Drug-induced parkinsonism in the elderly

Lancet. 1984 Nov 10;2(8411):1082-3. doi: 10.1016/s0140-6736(84)91516-2.


Of 95 new cases of parkinsonism referred to a department of geriatric medicine, 48 (51%) were associated with prescribed drugs. Clinical features in drug-induced and idiopathic cases were very similar, including the proportion with typical tremor. 25% of patients with drug-induced parkinsonism (DIP) could not walk when first seen and 45% required hospital admission (for a median stay of 23 days, range 5-101). The clinical features of DIP resolved permanently in two-thirds of cases in a mean of 7 weeks but with a range of 1 to 36 weeks. 5 cases of DIP initially resolved but idiopathic parkinsonism developed after an interval of 3 to 18 months. Perhaps some old people have low striatal dopamine levels and a small neuroleptic effect tips them into overt parkinsonism or unmasks latent idiopathic disease. The commonest offending drug was prochlorperazine (21 cases). In no case did this drug seem to be indicated.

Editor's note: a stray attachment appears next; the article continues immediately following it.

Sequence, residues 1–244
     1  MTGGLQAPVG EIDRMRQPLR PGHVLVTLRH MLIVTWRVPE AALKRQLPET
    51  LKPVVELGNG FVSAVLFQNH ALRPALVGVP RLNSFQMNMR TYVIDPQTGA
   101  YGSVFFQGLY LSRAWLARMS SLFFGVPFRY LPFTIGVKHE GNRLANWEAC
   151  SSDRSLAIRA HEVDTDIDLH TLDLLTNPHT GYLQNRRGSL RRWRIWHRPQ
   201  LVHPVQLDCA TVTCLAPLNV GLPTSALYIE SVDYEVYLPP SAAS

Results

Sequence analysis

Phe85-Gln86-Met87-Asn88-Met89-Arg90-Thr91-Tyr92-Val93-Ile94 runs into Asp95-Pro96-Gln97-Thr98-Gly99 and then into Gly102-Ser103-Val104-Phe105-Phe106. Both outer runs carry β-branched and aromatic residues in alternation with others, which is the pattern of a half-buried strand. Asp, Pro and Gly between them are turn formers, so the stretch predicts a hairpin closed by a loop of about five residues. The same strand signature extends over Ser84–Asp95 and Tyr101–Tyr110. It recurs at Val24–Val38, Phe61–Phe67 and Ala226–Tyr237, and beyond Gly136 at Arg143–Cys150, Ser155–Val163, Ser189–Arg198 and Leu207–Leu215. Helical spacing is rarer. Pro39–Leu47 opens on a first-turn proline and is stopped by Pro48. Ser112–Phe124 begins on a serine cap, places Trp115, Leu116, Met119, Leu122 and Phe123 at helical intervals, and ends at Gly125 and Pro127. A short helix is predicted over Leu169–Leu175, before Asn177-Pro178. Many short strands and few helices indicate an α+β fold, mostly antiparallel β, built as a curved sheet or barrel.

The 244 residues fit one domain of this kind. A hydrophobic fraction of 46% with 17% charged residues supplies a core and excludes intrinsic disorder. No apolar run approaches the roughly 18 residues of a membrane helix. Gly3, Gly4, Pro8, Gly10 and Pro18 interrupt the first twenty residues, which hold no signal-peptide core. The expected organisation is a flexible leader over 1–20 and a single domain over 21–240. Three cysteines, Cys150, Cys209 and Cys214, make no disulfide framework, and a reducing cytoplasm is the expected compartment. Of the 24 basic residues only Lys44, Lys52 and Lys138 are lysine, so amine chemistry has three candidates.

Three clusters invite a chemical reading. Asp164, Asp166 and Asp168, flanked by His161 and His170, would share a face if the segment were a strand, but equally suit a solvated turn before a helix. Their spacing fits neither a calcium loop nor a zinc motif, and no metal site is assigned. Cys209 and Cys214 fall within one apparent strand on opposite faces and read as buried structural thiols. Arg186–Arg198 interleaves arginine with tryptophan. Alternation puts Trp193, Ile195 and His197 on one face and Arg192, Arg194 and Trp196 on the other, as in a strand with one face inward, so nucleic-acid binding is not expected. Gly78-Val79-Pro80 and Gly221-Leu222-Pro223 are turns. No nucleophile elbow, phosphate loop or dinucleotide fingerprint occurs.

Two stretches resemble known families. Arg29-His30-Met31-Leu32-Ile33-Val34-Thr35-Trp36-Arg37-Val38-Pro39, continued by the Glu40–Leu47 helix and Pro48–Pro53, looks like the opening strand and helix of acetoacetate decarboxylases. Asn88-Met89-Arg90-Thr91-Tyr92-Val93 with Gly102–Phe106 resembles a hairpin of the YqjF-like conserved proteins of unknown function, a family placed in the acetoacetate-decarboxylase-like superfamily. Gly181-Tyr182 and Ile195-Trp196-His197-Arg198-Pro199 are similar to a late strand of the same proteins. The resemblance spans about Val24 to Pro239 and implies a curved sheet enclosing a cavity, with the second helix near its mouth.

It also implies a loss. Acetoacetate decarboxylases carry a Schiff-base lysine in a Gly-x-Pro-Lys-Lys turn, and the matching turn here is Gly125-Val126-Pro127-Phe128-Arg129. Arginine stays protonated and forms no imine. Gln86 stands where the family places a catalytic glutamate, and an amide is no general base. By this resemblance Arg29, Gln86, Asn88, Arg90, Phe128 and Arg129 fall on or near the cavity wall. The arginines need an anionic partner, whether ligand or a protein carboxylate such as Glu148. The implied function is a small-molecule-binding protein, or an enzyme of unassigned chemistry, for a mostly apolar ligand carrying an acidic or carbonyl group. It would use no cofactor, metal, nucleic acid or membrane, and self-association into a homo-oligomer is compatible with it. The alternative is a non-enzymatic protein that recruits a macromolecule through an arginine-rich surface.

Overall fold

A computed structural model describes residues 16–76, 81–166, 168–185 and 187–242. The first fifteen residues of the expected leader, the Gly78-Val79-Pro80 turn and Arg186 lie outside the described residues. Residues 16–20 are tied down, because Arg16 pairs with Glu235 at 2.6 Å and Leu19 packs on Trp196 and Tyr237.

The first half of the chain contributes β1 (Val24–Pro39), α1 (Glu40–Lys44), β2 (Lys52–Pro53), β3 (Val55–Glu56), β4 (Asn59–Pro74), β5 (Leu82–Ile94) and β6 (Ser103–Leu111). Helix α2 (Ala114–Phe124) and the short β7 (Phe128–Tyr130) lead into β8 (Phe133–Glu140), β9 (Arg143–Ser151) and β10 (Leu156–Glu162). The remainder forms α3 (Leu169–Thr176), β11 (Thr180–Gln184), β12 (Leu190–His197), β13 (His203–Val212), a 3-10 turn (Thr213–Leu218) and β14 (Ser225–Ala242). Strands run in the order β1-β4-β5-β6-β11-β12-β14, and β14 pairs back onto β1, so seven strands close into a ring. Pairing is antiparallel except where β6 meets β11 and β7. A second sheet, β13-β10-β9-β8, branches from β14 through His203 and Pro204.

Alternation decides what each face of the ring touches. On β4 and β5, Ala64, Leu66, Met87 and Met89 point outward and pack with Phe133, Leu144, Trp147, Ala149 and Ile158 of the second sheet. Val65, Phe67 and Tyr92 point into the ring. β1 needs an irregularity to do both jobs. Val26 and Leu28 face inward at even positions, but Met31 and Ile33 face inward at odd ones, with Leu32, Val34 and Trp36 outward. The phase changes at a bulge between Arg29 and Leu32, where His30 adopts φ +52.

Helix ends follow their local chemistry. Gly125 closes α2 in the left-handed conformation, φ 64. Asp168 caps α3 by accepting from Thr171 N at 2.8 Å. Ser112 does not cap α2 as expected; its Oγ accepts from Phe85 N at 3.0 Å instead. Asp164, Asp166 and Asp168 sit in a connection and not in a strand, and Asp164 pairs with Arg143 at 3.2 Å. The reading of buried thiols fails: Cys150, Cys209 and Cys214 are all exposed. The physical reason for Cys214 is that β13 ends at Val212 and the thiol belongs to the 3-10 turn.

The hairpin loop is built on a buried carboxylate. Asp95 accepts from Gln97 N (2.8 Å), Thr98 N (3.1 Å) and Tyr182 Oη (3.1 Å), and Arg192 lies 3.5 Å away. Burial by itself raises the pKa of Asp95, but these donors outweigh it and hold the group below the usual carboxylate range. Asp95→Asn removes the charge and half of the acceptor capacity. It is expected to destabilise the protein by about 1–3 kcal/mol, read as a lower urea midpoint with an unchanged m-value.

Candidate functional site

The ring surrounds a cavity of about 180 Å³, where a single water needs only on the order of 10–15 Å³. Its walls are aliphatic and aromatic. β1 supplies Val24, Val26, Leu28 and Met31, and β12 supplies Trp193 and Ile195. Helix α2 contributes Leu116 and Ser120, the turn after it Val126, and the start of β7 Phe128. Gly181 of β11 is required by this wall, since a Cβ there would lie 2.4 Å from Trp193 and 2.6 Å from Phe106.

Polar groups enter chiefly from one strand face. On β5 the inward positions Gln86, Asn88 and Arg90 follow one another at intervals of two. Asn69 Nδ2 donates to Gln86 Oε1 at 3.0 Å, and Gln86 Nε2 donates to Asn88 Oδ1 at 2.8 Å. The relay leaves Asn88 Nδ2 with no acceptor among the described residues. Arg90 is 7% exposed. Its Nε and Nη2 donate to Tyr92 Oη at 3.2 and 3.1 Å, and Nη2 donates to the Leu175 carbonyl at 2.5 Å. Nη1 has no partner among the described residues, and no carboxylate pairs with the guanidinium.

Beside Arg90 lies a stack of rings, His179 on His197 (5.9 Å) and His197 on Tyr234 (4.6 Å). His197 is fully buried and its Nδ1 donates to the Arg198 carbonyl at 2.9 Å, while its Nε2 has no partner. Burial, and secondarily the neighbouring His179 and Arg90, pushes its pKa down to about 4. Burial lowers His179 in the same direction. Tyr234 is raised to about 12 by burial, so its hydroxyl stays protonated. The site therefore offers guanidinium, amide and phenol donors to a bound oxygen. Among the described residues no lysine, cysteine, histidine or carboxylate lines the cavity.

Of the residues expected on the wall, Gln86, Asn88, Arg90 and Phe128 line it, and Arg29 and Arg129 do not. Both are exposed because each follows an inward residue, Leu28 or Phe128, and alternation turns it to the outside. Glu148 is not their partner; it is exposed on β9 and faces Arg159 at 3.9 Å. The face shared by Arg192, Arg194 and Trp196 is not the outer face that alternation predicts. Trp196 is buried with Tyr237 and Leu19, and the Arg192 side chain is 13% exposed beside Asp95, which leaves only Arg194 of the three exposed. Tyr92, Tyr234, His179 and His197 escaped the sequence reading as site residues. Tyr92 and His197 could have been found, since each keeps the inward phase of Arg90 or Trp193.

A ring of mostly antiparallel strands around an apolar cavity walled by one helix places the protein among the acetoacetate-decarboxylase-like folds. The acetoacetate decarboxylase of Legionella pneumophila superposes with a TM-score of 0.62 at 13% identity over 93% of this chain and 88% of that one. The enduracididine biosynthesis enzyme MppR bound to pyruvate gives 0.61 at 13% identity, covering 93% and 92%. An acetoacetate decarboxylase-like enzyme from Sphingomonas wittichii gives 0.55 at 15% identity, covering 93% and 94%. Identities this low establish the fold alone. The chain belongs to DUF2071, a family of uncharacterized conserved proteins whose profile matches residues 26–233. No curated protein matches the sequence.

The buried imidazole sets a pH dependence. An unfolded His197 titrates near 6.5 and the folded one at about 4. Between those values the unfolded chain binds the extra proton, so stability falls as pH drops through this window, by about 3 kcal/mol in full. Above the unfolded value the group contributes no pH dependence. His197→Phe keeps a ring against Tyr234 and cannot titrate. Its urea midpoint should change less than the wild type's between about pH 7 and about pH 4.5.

MeSH terms

  • Aged
  • Antipsychotic Agents / adverse effects*
  • Diagnosis, Differential
  • Female
  • Humans
  • Parkinson Disease / diagnosis
  • Parkinson Disease, Secondary / chemically induced*
  • Parkinson Disease, Secondary / diagnosis
  • Prochlorperazine / adverse effects
  • Prospective Studies
  • Thioridazine / adverse effects
  • Time Factors


  • Antipsychotic Agents
  • Thioridazine
  • Prochlorperazine